GRANTS PASS – The Grants Pass City Council voted to file a lawsuit for condemnation to move forward with construction of a new water treatment plant on 9.97 acres located near the intersection of SE “J” St. and SE Mill St., after the council was informed that current negotiations for the property have come to a standstill. The city has offered to purchase the property for $2,606,000, which is the appraised value of the portion of the property that the city seeks to acquire.
The need for the new plant was established in 2014 after a citizen advisory committee conducted a two-year evaluation of the aging condition of the existing plant and determined repairs to the plant were no longer an option. Built in 1931, the existing plant on “M” Street is quickly degrading after nearly 80 years of continual use.
During the evaluation process the committee studied five total alternatives, using a triple bottom line analysis, including the cost to the community, benefit to the community, and potential environmental benefits of each option. Ultimately the decision to build a new plant on a new site sparked a search of viable locations to begin construction.
In the end, the site at 695 SE “J” St. was determined to best suit the location criteria, while also representing the best economical option with regards to proximity to the existing water intake, required footprint of the new plant, and plans for future expansion to keep up with impending growth.
Today, the city provides an average of 5.5 million gallons of water per day to more than 12,000 connections serving more than 35,000 people. That translates to roughly 3,500 gallons per minute 24 hours per day, seven days per week to meet average demand. Seismic or operational failure of the existing plant would leave the city left to function with only 2-3 days of stored water.
In December 2016, the city council directed city staff to initiate negotiations with the property owners at 695 SE “J” St. to purchase the property. Appraisers were hired and the property owners granted access to the property for consideration, but a proposed purchase agreement for a portion of the property was rejected, and negotiations continued.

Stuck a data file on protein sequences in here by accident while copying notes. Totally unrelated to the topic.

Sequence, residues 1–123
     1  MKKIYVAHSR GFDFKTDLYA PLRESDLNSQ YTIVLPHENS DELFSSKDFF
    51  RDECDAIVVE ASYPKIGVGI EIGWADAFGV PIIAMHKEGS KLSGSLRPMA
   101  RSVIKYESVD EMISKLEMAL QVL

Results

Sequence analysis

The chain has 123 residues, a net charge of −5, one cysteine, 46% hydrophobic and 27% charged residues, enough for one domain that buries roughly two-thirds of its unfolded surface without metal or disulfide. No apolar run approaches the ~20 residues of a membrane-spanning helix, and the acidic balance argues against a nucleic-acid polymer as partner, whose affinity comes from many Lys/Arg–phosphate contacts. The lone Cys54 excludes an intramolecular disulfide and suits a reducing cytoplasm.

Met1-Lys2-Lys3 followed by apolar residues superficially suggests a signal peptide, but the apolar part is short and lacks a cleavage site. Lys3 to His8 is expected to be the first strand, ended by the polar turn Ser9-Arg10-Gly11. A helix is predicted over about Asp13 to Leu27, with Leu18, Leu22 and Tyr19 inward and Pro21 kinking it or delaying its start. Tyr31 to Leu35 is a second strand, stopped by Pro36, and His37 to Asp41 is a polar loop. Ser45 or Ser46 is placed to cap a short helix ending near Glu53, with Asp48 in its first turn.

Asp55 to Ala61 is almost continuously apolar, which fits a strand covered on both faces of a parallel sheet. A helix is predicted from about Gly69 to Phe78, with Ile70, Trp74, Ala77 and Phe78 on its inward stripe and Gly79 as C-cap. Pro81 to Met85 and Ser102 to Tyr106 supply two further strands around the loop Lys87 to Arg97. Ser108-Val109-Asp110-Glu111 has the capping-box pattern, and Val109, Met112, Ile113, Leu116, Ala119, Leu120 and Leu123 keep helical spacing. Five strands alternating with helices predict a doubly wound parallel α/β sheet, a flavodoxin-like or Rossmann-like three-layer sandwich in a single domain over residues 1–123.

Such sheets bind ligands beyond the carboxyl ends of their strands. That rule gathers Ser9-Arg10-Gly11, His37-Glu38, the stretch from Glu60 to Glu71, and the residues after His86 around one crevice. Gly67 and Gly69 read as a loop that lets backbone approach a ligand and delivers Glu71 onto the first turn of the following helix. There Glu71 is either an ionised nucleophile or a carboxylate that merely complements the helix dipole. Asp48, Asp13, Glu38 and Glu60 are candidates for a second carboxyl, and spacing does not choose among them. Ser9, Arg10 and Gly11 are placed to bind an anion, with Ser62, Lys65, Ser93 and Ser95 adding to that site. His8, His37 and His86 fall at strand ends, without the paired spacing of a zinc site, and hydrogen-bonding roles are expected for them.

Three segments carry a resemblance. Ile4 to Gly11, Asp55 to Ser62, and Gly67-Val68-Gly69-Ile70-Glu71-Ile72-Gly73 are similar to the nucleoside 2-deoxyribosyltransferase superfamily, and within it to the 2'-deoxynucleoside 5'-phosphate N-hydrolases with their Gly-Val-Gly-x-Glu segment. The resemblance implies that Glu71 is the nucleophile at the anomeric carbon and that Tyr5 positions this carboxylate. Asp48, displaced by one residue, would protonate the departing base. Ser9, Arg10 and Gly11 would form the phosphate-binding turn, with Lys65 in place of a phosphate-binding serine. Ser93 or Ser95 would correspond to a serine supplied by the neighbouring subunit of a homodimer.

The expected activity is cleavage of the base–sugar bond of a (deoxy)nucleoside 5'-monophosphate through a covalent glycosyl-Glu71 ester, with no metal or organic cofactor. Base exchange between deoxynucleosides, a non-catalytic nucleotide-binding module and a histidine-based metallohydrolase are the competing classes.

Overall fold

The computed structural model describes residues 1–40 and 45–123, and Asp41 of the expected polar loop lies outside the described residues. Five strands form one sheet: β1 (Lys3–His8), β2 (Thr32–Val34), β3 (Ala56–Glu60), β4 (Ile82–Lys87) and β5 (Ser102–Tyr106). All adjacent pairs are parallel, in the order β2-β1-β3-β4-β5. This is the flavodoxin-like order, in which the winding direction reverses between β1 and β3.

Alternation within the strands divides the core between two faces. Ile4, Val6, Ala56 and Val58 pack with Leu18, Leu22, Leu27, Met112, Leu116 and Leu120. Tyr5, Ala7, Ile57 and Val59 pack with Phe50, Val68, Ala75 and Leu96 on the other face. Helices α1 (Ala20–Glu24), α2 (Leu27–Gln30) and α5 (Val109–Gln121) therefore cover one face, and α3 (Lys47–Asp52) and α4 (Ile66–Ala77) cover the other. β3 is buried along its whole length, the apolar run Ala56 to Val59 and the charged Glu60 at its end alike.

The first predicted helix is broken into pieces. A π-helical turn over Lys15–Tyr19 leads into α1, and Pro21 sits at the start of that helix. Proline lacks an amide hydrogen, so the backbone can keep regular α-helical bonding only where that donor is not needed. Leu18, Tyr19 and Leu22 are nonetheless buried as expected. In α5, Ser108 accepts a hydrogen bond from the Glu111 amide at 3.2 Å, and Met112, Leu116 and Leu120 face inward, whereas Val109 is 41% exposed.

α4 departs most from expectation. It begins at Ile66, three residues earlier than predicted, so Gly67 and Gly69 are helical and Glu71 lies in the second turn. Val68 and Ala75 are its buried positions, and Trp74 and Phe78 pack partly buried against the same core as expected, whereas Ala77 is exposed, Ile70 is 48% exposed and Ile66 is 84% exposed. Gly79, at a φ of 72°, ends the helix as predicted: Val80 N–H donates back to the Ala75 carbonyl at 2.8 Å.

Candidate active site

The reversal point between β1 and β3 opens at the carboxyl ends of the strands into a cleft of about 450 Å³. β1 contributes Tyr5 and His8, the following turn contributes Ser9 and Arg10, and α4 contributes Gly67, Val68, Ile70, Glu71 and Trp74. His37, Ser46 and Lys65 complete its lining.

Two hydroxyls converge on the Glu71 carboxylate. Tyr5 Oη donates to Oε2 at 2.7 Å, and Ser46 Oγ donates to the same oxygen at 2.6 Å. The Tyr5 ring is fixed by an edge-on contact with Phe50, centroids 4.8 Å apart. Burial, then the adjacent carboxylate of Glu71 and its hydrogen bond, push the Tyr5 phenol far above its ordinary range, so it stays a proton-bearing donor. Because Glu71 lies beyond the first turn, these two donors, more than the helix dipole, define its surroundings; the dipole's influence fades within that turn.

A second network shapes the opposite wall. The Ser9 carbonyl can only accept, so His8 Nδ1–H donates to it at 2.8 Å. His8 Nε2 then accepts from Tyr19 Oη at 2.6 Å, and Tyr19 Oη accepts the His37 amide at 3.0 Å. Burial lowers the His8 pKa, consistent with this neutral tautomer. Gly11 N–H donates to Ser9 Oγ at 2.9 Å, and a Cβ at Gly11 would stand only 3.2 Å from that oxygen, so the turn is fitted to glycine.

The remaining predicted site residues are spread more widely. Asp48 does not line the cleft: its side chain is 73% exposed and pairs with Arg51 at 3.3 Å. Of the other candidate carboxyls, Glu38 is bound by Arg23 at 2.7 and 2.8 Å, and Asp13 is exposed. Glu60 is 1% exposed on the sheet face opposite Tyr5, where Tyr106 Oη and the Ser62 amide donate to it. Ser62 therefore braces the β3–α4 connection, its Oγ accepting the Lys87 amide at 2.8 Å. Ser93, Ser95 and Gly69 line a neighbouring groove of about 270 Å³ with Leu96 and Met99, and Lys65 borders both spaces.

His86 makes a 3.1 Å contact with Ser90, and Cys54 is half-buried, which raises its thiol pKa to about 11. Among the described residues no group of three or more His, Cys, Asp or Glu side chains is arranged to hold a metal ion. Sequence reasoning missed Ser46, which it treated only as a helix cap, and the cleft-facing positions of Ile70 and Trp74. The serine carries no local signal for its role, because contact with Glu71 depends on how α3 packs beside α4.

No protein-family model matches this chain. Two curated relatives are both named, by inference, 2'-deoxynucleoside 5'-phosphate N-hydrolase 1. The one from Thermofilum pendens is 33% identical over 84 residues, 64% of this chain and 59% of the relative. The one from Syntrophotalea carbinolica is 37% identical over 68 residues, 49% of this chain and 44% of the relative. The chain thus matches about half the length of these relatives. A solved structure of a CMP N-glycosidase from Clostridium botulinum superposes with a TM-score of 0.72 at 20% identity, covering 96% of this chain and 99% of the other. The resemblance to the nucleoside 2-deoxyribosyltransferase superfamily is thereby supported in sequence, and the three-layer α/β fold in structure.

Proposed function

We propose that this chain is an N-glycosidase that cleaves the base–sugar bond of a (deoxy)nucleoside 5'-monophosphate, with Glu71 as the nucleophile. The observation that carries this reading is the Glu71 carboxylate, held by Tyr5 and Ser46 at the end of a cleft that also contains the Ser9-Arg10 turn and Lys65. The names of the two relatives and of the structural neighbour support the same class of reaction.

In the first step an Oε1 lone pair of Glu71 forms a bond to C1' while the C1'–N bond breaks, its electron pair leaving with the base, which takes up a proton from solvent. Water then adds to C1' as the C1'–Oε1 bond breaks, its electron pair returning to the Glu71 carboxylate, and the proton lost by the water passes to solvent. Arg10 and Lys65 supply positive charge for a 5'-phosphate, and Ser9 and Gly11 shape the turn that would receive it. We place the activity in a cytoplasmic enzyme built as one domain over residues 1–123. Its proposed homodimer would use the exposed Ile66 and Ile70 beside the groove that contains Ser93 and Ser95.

As a result of those ongoing negotiations, city staff then made further recommendations to adjust the amount of land to be purchased from the property owners to include the entire 16.94-acre parcel in order to move the sale forward. That offer was then also rejected.
After more than two years of back-and-forth discussions, councilors ultimately adopted a resolution declaring a public need for the property March 20, 2019.
As negotiations continued, city staff made further recommendations to reduce the amount of land required from the property owners to complete the project, while still allowing the property owners to maintain their current business operations, and a new resolution declaring need for only 9.97 acres of the east side of the property was adopted Jan. 15, 2020.
During this process, cost estimates for completing the new water plant have continued to increase due to inflation, consumer price indexing, and the costs of materials. Projected costs established in 2015 of just under $50 million have compounded at a rate of roughly five percent per year to more than $80 million.
On March 2, council authorized and directed staff to file a lawsuit for condemnation of the property on March 23, when the most recent 40-day offer period matures. Additionally, the council authorized and directed that a contemporaneous motion for early possession also be filed, with an expected possession date of June 30.
Proceedings to acquire property under eminent domain are referred to as "condemnation" proceedings. The process is the exercise of the power of government to acquire private property necessary for public use on the payment of just compensation and following due process of law. Eminent domain authority is one of the strongest powers given to government, and it is government’s responsibility to use it with extreme care and caution.
Fairness to the property owner is a key part to the utilization of eminent domain. Commitment to the retention of the business at the property to continue operations remains a key part of the planning process.
The council also agreed that city representatives will be available for continued negotiations, including willingness to enter mediation with the property owners in an effort to resolve this matter without the expense of litigation.